Live review: Kimbra + Exhibitionist – The Triffid, Brisbane – 16/7/18

“Very meaningful,” is how Kimbra Johnson coolly describes her first gig in Australia in four years about midway through the first stop on her Primal Heart tour at Brisbane’s The Triffid on Monday night.

Kimbra Brisbane The Triffid Primal Heart 2018

Yep, meaningful. Yep, four years. Yep, Monday night. It’s not the most obvious choice for a triumphant return to a country to which she has ample musical links, but that didn’t stop a large and enthusiastic crowd gathering to collectively fend off the winter bite and enjoy some top tuneage under the arched roof of one of Brisbane’s finest venues.

Exhibitionist – aka Brisbane’s Kirsty Tickle and band – set the tone with a half-hour set of sometimes smooth, sometimes brooding, sometimes dark pop. “Sorry, guys,” she smirks, as she introduces ‘Sally’s Song’ – written with Sally Seltmann with music industry misogyny firmly in the crosshairs. Meanwhile, French drummer Jonathan Boulet is grinning from ear to ear as he basks in Les Bleus’ recent World Cup triumph, before closer ‘Being a Woman’ is introduced as “a little bit aggressive”, and is widely appreciated for being exactly that.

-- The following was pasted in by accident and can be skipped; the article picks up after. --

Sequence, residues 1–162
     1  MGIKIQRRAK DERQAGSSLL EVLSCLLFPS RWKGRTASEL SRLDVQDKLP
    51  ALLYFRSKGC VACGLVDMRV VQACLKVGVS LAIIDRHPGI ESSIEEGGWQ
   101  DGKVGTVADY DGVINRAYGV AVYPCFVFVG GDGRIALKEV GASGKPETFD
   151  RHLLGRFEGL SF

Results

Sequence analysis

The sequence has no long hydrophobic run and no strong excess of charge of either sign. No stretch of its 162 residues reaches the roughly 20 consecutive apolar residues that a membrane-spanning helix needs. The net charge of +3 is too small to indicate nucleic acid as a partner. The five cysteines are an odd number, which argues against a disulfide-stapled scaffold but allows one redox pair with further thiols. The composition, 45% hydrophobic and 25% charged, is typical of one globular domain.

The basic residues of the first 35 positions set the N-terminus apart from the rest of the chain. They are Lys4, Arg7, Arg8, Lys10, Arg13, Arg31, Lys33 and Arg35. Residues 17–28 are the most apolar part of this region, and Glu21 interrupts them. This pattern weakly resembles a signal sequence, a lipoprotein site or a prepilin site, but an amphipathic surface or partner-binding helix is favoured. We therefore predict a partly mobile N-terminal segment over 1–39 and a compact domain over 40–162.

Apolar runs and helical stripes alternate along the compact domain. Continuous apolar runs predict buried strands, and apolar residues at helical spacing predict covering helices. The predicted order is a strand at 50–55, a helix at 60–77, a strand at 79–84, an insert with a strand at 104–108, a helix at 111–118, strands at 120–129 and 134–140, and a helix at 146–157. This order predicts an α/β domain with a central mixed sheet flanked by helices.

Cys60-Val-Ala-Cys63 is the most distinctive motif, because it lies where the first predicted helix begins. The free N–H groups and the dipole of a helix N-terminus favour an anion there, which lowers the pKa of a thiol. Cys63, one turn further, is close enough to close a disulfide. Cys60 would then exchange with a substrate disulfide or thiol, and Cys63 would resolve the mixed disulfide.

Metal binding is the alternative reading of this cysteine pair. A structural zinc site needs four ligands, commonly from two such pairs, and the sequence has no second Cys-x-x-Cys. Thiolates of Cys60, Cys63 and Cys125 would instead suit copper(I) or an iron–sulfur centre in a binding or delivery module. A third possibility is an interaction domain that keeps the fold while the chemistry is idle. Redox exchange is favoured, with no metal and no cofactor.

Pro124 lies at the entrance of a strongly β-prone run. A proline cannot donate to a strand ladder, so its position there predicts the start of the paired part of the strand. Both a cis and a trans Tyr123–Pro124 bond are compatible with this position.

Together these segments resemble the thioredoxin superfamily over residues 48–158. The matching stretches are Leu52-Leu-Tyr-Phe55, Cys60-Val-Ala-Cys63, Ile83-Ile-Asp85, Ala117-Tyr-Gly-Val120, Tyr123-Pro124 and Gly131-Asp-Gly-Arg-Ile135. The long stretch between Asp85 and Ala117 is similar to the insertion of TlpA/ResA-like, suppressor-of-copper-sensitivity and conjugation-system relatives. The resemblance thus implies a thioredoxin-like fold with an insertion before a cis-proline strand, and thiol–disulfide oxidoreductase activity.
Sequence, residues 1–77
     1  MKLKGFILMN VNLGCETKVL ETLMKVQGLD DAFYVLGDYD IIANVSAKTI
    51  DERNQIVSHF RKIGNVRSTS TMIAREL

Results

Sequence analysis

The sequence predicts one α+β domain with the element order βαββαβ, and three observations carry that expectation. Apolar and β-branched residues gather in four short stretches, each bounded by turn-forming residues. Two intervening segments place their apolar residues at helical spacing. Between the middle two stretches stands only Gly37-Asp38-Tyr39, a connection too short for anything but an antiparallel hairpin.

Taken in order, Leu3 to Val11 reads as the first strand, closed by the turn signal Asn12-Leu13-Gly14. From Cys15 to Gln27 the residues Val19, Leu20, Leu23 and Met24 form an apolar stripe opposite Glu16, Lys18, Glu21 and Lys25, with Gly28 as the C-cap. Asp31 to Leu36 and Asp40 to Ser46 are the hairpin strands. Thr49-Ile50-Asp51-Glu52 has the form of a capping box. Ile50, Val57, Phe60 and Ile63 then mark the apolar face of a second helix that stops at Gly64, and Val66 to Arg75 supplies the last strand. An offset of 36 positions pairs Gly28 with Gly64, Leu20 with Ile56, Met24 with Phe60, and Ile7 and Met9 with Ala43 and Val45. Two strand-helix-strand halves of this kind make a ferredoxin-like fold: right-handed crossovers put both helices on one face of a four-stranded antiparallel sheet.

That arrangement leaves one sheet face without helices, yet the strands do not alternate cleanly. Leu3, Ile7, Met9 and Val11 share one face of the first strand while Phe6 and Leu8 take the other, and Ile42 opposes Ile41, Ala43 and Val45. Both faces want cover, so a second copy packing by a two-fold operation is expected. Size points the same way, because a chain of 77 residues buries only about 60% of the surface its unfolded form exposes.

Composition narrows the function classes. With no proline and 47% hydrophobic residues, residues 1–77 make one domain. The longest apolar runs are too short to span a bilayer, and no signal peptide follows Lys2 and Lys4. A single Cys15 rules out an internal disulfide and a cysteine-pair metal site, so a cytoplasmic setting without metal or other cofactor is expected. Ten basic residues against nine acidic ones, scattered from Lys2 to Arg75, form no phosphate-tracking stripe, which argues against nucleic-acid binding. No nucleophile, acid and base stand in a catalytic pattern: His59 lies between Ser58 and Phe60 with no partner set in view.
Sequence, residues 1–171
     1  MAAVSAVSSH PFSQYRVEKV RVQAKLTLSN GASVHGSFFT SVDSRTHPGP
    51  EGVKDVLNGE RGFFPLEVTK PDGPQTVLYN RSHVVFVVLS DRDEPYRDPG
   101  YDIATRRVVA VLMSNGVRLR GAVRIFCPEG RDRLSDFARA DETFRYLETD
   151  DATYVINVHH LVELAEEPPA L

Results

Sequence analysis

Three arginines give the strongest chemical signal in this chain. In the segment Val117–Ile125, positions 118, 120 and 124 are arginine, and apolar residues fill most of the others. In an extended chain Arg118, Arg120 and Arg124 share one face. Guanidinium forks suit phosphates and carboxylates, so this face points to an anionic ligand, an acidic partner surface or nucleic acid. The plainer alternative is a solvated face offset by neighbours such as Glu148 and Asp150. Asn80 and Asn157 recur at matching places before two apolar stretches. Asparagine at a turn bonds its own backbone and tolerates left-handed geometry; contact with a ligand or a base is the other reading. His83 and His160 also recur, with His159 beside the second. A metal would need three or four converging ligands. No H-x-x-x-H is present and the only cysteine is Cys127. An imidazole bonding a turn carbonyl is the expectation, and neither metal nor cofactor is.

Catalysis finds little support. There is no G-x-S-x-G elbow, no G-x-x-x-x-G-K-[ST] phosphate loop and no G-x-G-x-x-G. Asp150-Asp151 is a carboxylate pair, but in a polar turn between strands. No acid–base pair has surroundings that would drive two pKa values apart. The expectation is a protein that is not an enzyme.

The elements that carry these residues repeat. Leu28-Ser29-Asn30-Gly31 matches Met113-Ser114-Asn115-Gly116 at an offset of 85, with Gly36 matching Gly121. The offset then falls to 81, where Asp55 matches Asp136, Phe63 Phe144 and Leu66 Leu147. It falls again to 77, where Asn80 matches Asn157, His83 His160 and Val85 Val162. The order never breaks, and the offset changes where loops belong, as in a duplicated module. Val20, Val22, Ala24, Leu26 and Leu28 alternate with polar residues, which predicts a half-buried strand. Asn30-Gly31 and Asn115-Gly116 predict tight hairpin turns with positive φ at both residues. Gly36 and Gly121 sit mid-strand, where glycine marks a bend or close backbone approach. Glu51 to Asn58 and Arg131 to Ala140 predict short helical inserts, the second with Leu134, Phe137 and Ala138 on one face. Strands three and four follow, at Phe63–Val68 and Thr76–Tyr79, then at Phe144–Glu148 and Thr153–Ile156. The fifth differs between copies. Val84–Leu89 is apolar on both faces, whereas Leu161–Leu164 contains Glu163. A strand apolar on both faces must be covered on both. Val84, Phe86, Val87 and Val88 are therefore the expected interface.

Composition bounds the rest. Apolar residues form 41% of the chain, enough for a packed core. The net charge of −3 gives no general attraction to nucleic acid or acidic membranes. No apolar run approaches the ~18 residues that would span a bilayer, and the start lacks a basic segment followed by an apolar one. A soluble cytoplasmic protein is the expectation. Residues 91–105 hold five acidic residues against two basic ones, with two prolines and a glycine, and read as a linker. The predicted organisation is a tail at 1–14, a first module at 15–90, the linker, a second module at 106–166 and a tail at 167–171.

Now for something a whole lotta meaningful. New Zealander Kimbra takes to the stage amid a cacophony of vibration and expectation, taking her position stage-centre with the assurance of someone who has appeared on many of the biggest stages worldwide in the last few years.

An early one-two of ‘The Good War’ and ‘Black Sky’ showcases the strength in depth on the Hamilton native’s third album as the singer strides across the stage surveying her domain, while singles ‘Human’ and ‘Like They Do on the TV’ get big responses from an audience finally starting to relax.

‘Settle Down’ keeps the mood high, before the sparse ‘Past Love’ breaks it all back down. After ‘Two Way Street’, Kimbra challenges her crowd to dance when ‘Sweet Relief’ brings the funk in spades. It’s a veritable musical smorgasboard with no obvious flaw or failing.

All in all, when you look past the electicism, seemingly effortless style, and retina-threatening lights, it’s the 28-year-old’s powerful, soaring voice that’s the star of the show. Who knows what sort of meaningful stuff Kimbra can come up with in the next four years?

For Scenestr

Record review: Wolf Alice – My Love Is Cool (2015, LP)

wolf alice my love is cool